'The Secret Life of Us is a 'high end' television drama series, defined by 'adult themes, sexual references and low-level coarse language', first screened in Australia and the United Kingdom in mid-2001, and surviving for four seasons until late 2005. Developed by Southern Star, with the Ten Network, and Optus Television (a US-based pay TV service), it was the first Australian drama series to be commissioned by the United Kingdom's Channel 4. Eighty-six episodes were screened prior to cancellation. At the peak of its popularity, the series had been sold into a dozen or so (mostly European) territories, and against the usual odds, secured airtime in the United States, where it was picked up by Trio, a small west-coast cable network. It gained positive critical recognition, and fared well at television markets worldwide. Back in Australia, commentators linked the show with the return of the Ten Network to 'credible' drama after a hiatus of two decades (Sams 2001, 37), and with the emergence of a 'sophisticated and quirky' youth sub-genre (Idato 2000, 2), before enthusiasm cooled around series two and three, and series four drew the by now largely neglected narrative to its almost unnoticed conclusion. The project offers a suggestive case study of momentary trends in domestic drama production, within material received as confidently articulating Australia's globalizing television culture at the millennium, inviting exploration of what John Hartley (1992, 102) has seen as the fundamental 'impurity' of national television, and the productivity of its identification as a 'fundamental criterion for cultural studies'.' (Author's introduction p. 51)
Lost Their Way Anthony Clarke , 2006 single work review
— Appears in: Limelight , February 2006; (p. 46)

— Review of Love My Way Jacquelin Perske , Tony McNamara , Marissa Cooke , Brendan Cowell , Louise Fox , Fiona Seres , Blake Ayshford , Sarah Lambert , 2004 series - publisher film/TV
Lost Their Way Anthony Clarke , 2006 single work review
— Appears in: Limelight , February 2006; (p. 46)

— Review of Love My Way Jacquelin Perske , Tony McNamara , Marissa Cooke , Brendan Cowell , Louise Fox , Fiona Seres , Blake Ayshford , Sarah Lambert , 2004 series - publisher film/TV
The Face : Jacquelin Perske : Screenwriter Sophie Tedmanson , 2006 single work biography
— Appears in: The Weekend Australian , 28-29 January 2006; (p. 3)
Twice as Good Graeme Blundell , 2010 single work biography
— Appears in: The Weekend Australian , 14-15 August 2010; (p. 5-6)
Biefly discusses Karvan's role in a new film Mei Mei by Pauline Chan .
Southern Stars and Secret Lives : International Exchange in Australian Television Ian Craven , 2008 single work criticism
— Appears in: Continuum : Journal of Media & Cultural Studies , vol. 22 no. 1 2008; (p. 51-67)
'The Secret Life of Us is a 'high end' television drama series, defined by 'adult themes, sexual references and low-level coarse language', first screened in Australia and the United Kingdom in mid-2001, and surviving for four seasons until late 2005. Developed by Southern Star, with the Ten Network, and Optus Television (a US-based pay TV service), it was the first Australian drama series to be commissioned by the United Kingdom's Channel 4. Eighty-six episodes were screened prior to cancellation. At the peak of its popularity, the series had been sold into a dozen or so (mostly European) territories, and against the usual odds, secured airtime in the United States, where it was picked up by Trio, a small west-coast cable network. It gained positive critical recognition, and fared well at television markets worldwide. Back in Australia, commentators linked the show with the return of the Ten Network to 'credible' drama after a hiatus of two decades (Sams 2001, 37), and with the emergence of a 'sophisticated and quirky' youth sub-genre (Idato 2000, 2), before enthusiasm cooled around series two and three, and series four drew the by now largely neglected narrative to its almost unnoticed conclusion. The project offers a suggestive case study of momentary trends in domestic drama production, within material received as confidently articulating Australia's globalizing television culture at the millennium, inviting exploration of what John Hartley (1992, 102) has seen as the fundamental 'impurity' of national television, and the productivity of its identification as a 'fundamental criterion for cultural studies'.' (Author's introduction p. 51)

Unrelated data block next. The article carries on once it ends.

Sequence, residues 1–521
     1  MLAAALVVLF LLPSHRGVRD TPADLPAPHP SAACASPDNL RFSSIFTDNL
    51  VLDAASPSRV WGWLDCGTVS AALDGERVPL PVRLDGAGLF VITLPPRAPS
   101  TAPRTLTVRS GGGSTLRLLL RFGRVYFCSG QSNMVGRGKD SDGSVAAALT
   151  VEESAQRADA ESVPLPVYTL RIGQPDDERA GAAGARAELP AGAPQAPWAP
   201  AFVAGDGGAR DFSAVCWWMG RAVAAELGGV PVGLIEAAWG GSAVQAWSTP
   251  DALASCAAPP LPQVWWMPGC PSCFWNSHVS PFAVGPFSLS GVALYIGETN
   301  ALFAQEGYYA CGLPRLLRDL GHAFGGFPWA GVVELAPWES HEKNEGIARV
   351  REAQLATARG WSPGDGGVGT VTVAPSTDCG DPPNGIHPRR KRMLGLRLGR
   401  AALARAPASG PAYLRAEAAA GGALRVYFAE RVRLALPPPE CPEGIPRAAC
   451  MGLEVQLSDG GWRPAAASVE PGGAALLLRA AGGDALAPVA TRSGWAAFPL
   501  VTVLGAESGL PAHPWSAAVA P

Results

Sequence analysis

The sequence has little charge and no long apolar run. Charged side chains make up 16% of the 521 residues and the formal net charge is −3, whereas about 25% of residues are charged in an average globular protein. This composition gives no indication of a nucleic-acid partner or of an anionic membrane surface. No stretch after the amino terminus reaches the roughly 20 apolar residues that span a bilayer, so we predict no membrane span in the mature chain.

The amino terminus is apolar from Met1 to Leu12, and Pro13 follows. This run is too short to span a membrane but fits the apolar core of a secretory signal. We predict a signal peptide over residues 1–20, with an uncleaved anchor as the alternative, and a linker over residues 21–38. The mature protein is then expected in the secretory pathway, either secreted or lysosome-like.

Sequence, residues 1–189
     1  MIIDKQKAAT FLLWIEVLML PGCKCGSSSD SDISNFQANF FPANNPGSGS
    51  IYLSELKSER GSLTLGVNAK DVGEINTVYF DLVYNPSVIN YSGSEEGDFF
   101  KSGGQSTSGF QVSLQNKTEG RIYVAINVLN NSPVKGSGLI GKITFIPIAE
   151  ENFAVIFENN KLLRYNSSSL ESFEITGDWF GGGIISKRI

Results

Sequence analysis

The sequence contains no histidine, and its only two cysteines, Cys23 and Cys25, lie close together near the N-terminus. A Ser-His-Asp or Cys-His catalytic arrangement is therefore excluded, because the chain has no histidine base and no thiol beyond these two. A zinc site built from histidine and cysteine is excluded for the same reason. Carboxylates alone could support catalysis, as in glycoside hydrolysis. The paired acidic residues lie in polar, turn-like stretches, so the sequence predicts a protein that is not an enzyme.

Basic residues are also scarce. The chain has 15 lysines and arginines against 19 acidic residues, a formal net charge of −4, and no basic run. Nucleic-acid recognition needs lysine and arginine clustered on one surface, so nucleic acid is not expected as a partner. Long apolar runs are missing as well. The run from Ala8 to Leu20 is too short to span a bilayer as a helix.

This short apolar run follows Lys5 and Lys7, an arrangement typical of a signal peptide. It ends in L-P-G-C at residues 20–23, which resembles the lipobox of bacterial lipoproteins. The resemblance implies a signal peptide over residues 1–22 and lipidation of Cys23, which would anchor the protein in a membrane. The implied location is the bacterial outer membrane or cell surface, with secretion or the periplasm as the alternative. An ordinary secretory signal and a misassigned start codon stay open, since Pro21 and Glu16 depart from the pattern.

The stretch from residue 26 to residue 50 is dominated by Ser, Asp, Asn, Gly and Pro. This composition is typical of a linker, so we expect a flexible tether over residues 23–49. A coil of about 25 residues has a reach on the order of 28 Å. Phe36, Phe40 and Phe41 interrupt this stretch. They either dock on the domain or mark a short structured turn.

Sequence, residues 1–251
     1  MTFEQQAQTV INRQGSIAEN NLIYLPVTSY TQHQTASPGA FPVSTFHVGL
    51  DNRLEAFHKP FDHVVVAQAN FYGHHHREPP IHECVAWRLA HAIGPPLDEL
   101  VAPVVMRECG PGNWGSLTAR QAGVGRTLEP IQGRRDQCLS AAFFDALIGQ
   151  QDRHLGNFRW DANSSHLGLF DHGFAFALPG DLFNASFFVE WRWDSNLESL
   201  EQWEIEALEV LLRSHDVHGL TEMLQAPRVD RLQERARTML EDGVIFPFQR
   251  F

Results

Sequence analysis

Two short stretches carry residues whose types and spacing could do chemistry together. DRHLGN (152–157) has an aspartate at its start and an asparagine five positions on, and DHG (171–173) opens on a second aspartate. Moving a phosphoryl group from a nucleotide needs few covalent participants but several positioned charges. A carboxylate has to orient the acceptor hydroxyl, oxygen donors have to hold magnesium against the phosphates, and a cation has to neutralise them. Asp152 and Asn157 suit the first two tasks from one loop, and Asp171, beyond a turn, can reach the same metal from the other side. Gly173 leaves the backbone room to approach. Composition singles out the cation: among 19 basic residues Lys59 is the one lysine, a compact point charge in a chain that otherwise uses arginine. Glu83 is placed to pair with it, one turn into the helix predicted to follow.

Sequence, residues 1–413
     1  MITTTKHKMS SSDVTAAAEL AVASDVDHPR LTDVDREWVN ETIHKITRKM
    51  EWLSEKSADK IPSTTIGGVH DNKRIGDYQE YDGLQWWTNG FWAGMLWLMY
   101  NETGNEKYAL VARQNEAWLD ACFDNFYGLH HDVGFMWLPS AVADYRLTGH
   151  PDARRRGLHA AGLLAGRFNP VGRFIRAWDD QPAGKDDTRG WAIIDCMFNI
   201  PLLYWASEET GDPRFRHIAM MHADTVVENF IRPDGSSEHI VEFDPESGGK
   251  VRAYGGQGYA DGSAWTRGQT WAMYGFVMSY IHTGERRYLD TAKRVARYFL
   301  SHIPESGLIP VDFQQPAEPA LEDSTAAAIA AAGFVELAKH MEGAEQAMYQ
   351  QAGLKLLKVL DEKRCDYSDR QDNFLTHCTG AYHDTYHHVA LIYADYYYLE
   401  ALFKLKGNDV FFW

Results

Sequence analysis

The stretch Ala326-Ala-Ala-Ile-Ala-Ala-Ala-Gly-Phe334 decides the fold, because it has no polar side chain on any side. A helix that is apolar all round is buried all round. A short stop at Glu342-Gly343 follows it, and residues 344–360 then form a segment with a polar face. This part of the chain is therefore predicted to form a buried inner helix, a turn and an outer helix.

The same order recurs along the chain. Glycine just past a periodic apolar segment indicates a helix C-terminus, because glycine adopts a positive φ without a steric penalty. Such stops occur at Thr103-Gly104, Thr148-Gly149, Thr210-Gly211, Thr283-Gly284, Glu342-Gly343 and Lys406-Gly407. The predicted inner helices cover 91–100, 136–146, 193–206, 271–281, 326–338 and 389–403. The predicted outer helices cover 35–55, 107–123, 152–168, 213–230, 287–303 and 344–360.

Full Focus Stephanie Van Schilt , 2016 single work column
— Appears in: The Saturday Paper , 4 June 2016;
'Director Emma Freeman's filmography includes some of Australia’s best-loved TV dramas, but her greatest challenge came at a much earlier age.'
Love My Way : Was This the Most Devastating Moment in Australian TV History? Clem Bastow , 2017 single work essay
— Appears in: The Guardian Australia , 23 February 2017;
'With its powerhouse cast and generous heart, the series was one of the finest Australia has produced – and there’s one episode that still jolts.'
Newspapers:
    Powered by Trove
    X